By Nicole Emmanuel
When you hear the term “cakewalk” used today you think the task at hand is being referred to as ‘easy’. Right? Well, its modern-day definition is not where it began. In fact, it came from a couple’s dance created by African Americans to imitate the Seminole Indians, known as the chalk line walk, and progressed into a parody of the upper white class.
Pre-Civil War, in the 19th Century, chalk the line advanced into the cakewalk, also known as the “Prize Walks,” which were held on plantations. These get-togethers were for the sole purpose of servants and slaves to mock their masters. The slaves and servants were to dress in their best, and with the intention to mock the mannerisms of the aristocrats; in fact, they were encouraged to, it was the entertainment. These get-togethers took place in the masters “big house,” of the plantations, and the master would serve as a judge. The cakewalk was a form of comical enjoyment; slave owners would gather their servants and slaves to see who had the best ‘slave walker’ at the end of it all.
Couples would line up and form an aisle and down through the middle each couple would take their turn mimicking the mannerisms of the upper-class white people. In a theatrical way, the couples would strut, bow, bend, flirt, and high-step, just to list a few, they would parade around the ballroom. All the while, their masters were the judges and the guests were merely entertained.
I’m sure you’ve heard the phrase, “takes the cake.” The winner of the cakewalk won the prize of an elaborately decorated cake. But more than being a winner of a cake, the servants and slaves were enrobed with fine clothing and allowed to embrace upper-class mannerisms. Fondly, they were no longer slaves in that moment, they were the stars of a show. But I’m sure you wonder why masters would ever consider such an event to be entertainment; wouldn’t that cause the master to have lost credibility with his servants, to be laughed at? But because he became the master of ceremonies, and at the end of it all the master got to choose the winner, he took back the authority and reduced tension.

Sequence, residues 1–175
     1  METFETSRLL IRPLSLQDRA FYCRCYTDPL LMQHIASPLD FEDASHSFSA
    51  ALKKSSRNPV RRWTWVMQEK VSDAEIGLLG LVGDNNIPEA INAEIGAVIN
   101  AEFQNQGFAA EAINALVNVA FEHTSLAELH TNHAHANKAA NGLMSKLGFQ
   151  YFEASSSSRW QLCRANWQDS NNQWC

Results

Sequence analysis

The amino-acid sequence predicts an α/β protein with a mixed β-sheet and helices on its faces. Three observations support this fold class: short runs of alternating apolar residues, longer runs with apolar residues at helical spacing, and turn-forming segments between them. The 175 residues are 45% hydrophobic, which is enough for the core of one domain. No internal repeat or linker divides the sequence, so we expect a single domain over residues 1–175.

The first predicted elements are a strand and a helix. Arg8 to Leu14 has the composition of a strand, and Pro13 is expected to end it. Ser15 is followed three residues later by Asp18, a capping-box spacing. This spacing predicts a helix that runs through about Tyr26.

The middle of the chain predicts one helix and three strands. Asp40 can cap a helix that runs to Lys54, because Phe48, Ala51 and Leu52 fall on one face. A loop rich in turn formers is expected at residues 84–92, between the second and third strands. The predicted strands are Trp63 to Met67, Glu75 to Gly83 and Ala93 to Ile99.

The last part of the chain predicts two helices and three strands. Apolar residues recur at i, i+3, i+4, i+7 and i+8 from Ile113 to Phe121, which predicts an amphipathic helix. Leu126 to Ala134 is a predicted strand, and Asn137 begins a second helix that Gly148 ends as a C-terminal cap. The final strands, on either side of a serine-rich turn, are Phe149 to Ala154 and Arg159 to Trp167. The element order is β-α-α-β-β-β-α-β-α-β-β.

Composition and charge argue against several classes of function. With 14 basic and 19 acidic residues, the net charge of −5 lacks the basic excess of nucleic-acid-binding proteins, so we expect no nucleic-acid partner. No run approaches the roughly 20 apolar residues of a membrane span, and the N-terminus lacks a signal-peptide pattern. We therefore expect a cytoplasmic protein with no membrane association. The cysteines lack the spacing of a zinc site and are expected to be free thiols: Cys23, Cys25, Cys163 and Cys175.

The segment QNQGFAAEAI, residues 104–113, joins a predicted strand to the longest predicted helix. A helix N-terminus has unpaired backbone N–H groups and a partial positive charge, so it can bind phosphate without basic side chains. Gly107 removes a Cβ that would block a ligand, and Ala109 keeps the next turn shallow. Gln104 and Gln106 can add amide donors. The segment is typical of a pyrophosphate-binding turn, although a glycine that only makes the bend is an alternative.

By 1870, the cakewalk was a popular feature in the minstrel show. The extravagant nature of the mockery was perfect for the Broadway-style performances that entertained with the physical and hammy humor of these stage shows. The performers were known to act as goofy and as bumbling as possible. During this era, “cakewalk” began to lose its original meaning of black slaves mocking their superiors. It was then when cakewalk began to represent a way to describe an accomplishment with ease or simplicity. Still one would wonder how it got its metaphorical connection. It was because the dance steps were done with such fluidity that it gave the impression of ease.
In the 1912 novel Autobiography of an Ex-Colored Man, James Weldon Johnson has a character describing attending a cakewalk during the Reconstruction era:
“Then the floor was cleared for the cake-walk. A half-dozen guests from some of the hotels took seats on the stage to act as judges, and twelve or fourteen couples began to walk for a sure enough, highly decorated cake, which was in plain evidence. The spectators crowded about the space reserved for the contestants and watched them with interest and excitement. The couples did not walk round in a circle, but in a square, with the men on the inside. The fine points to be considered were the bearing of the men, the precision with which they turned the corners, the grace of the women, and the ease with which they swung around the pivots. The men walked with stately and soldierly step, and the women with considerable grace.”
Is there still a modern day stigma of the “cakewalk” representing entertainment by method of the lowly black servant and slaves? Maybe not.
Watch a video of The Minstrel Show: “CakeWalk” here.
Read more of the original story via: www.npr.org/sections/codeswitch/2013/12/23/256566647/the-extraordinary-story-of-why-a-cakewalk-wasnt-always-easy